Wednesday, February 14, 2007

An Arab discovers India

Editor's note: Everyone knows that Indians work like slaves in the Middle East, subjected to racial abuse day in, day out. For fear of upsetting the oil imperialists, the OPEC Mafia, policy makers and politicians in India ignore the Middle East Reality. Read the following article in that context.
Tariq A. Al-Maeena in Arab News
Over the Haj holidays, I surprised my kids with an announcement that I would be taking them to India for a short holiday. My distinct memories from having visited the country with my parents when I was a child had left me with impressions of cultures and civilizations that one reads in history books.
And then there was the Taj Mahal, one of the Seven Wonders of the World. And wanting to repeat that experience for my children, I decided to give them a taste of India by planning our trip to encompass different regions of the country - Chennai in the south, Delhi and Agra somewhere in the central, and Mumbai in the western part of the Indian Subcontinent.
In the days preceding our trip, friends and acquaintances of both my children and myself were somewhat alarmed and bemused and quizzed us with the same question: "But why India?"
And why not, I would ask them. Their answers were somewhat patronizing and sympathetic. India, they would say, is dirty, crowded, and backward and we'd be sure to catch one of many diseases.
I would be exposing my children to viruses and bacteria of gargantuan proportions. Malaria, diarrhea, cholera and the plague were commonplace, and were I that insensitive or naïve to expose my children to such deadly threats, all for the sake of seeing some old monuments?
I would patiently explain to these naysayers that I wanted my children to see India firsthand, and not to take in the impression that unfortunately a lot of us Saudis and others have of that country. And I wanted to expose them to a diverse culture that they had not experienced before. And I thanked them for our health concerns, but assured them that we would be taking all necessary precautions.
But their concerns began to create some unsettling feelings within myself. Was I being rash expecting to get through India without some debilitating medical condition? And what about my children? Was I foolishly exposing them to transmissible diseases and possible harm? With a population of over a billion people, was I being immature in not giving worth to my friends' concerns?
I was adamant on this adventure though, but to be on the safe side I must confess that I did call upon the Indian Consulate in Jeddah and inquired about any specific medical precautions that we would have to take. "Drink only bottled water, and eat only in the hotels you would be staying in" was their soothing reply.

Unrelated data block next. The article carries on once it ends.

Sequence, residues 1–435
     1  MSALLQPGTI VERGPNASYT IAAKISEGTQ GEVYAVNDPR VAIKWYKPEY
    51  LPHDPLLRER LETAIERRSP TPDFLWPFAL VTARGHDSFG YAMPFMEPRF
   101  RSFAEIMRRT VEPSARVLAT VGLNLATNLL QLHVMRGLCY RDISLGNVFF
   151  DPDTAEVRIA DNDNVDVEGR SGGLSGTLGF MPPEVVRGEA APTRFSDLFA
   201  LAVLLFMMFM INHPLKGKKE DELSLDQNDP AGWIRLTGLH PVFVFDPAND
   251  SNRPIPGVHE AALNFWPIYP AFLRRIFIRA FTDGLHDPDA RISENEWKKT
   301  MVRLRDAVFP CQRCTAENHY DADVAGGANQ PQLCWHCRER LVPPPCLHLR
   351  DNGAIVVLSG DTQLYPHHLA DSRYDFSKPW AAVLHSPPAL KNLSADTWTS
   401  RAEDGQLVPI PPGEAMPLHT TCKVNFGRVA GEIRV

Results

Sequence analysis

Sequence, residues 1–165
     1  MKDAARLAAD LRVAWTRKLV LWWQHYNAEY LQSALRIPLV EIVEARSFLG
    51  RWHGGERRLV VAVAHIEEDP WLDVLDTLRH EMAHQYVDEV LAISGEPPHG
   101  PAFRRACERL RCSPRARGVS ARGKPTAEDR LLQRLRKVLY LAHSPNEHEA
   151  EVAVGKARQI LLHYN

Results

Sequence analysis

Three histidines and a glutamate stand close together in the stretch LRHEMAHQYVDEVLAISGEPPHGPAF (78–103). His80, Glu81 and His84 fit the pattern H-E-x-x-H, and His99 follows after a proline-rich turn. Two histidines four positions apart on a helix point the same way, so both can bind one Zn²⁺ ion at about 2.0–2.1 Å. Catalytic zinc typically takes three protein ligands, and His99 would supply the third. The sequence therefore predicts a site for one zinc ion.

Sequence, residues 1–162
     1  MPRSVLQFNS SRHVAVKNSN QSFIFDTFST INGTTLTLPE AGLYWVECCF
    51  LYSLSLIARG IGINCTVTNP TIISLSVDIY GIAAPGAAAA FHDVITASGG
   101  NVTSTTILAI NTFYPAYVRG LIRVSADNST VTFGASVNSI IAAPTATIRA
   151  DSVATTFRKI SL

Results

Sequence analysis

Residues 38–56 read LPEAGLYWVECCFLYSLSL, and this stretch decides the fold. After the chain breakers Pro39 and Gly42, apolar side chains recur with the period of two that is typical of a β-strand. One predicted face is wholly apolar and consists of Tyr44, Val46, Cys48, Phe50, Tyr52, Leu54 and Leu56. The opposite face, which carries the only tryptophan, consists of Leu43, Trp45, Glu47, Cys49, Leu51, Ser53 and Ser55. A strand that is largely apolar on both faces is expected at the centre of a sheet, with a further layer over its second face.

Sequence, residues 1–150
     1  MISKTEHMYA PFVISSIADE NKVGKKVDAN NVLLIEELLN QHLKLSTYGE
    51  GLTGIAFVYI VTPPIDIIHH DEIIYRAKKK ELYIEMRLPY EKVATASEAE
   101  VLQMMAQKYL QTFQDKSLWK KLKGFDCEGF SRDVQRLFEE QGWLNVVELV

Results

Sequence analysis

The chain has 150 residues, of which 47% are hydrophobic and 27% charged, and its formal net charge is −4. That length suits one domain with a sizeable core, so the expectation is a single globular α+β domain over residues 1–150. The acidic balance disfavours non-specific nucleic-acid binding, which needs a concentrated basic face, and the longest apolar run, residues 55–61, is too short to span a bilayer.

Armed with that knowledge, we began our trip. But to be on the safe side, we popped in malaria pills as an added precaution. As we spun through Chennai, Delhi, Agra and Mumbai, my kids were amazed. And they loved it. The hustle and bustle of Chennai with its serene shorelines dotted with resorts and retreats offering world-class service, the grandeur of the Presidential Palace in Delhi, the beauty of Marine Drive in Mumbai, topped with our visit to the majestic Taj Mahal had my children chirping in unison that it was the trip of a lifetime.
The preservation of historic monuments, unlike our own, were some of the things they marveled at. And from our observations, we were pleasantly surprised to find parts of India cleaner than our own city. Their roads, although crowded, were not run down as ours, and the Indians seemed more prosperous than imagined.
In a conversation with the vice president of marketing in the chain of hotels we were staying at, I remarked that I was amazed that five star hotels, once known to be the haven for only Westerners and rich Gulf tourists were primarily being occupied by Indians today. "Yes, my friend," was her reply. "India today is booming in heavy industry and technology. IT, pharmaceuticals, steel and medicine are the backbone of our economy. Education is a top priority and some of our universities are among the leading ones in the world. People are more affluent and spend > freely. Over thirty percent of our population is now middle class..."
"Thirty percent, that's good," I interrupted. "Yes, my friend, that translates to over 300 million", she said with a bemused look at me as the force of that staggering number dawned on me.
Three hundred million! And here we are, not even twenty million Saudis, and many not anywhere near middle-class.
What right do we have to thumb up our noses on India, a country on the move upward?
Yes, we drank only bottled water, but also ate in local restaurants. We witnessed wealth and we saw poverty. We learned about their great history and we observed massive new projects in the works, designed to make life easier on the Indian.
In spite of their diverse cultures and religions, India is tolerant and moving forward, and not bogged down by what we witness here...intolerance and rigidity on the part of a few who seek to impose their views on the rest of us.
Indeed, India...I have to salute thee. And thanks for making my children's' visit a memorable one.

4 comments:

sam said...

Good Article

Anonymous said...

That's a nice compliment. Makes one feel v. proud of our country. Sare jahan se acha, Hindustan hamara....

Anonymous said...

so there we go..bloody middle east..COME ON LET ALL OF US GO BACK HOME (INDIA) and be happy and prosperous..cheers to the story...sare jahan se acha.....kp

prince said...

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